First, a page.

@Patrick. It is not hard to imagine a Catholic prelate advocating the breaking laws, since that is exactly what Abp Gomez's immediate predecesor, Cardinal Mahoney did? Before I tiry to make several serious points, please indulge me as I point out that those who crossed the frozen Bearing Straits could not have been the first Native Americans; only their offspring could be called that. I can't help myself. Now, as to the assertion that social vision of the Church is "not a captive of a political party..." I think that the humbers show that not only the laity but more prominently the clergy bleieve that the Abortion Party represents the true goals of Christianity. After all, the most virulently, pro-abortion, pro-homosexual behavior, pro-socialist, and anti-CAtholic amdinistration was elelcted with significant suport from Catholics. There is another aspect of the way that many Catholics view the immigration issue, namely that the underlying assumption of the expression "undocumented alien" is that our laws are not valid because as a non-socialist country our government is not valid. We are in big trouble.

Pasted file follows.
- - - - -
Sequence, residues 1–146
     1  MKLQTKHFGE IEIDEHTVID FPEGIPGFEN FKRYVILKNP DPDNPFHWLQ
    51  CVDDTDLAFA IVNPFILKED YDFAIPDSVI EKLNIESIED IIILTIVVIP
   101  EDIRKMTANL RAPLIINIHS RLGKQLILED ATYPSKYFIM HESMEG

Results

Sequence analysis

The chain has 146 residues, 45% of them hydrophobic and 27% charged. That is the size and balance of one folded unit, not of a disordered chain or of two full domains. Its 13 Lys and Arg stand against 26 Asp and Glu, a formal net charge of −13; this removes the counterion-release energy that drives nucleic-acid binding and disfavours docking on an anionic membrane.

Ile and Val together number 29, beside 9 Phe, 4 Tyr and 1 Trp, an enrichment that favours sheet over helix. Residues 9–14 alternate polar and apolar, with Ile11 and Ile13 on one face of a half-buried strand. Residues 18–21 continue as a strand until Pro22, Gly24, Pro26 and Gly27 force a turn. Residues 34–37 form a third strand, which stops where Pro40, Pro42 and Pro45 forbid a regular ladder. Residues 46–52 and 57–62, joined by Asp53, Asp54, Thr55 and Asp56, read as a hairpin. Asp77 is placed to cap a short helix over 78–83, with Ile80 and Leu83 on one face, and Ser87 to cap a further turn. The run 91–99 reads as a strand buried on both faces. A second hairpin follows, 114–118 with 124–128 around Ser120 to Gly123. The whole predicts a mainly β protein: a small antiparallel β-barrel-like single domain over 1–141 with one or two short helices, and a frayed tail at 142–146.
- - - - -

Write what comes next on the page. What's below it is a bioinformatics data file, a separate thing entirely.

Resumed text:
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written by Ben Horvath, November 14, 2011
Dr. Royal - you mentioned two particular words that resonated with me: responsibility and contempt.

Responsibility - the US Government has a responsibility towards its poor citizens to protect their livelihoods and their persons. In allowing unlimited immigration from Mexico (and also other places), the government is failing to protect the jobs unskilled Americans might do by allowing employers to hire foreigners who will work for less (and will admittedly do a better job in many cases than the least skilled natives). In addition, many of the children of immigrants from Spanish speaking countries will be treated preferably by our institutions (needless to say the white poor will be the ones who will be discriminated against).

Illegal immigration also offends against persons in the following ways:
- many of the children of illegal immigrants assimilate to underclass gang member values rather than middle class American values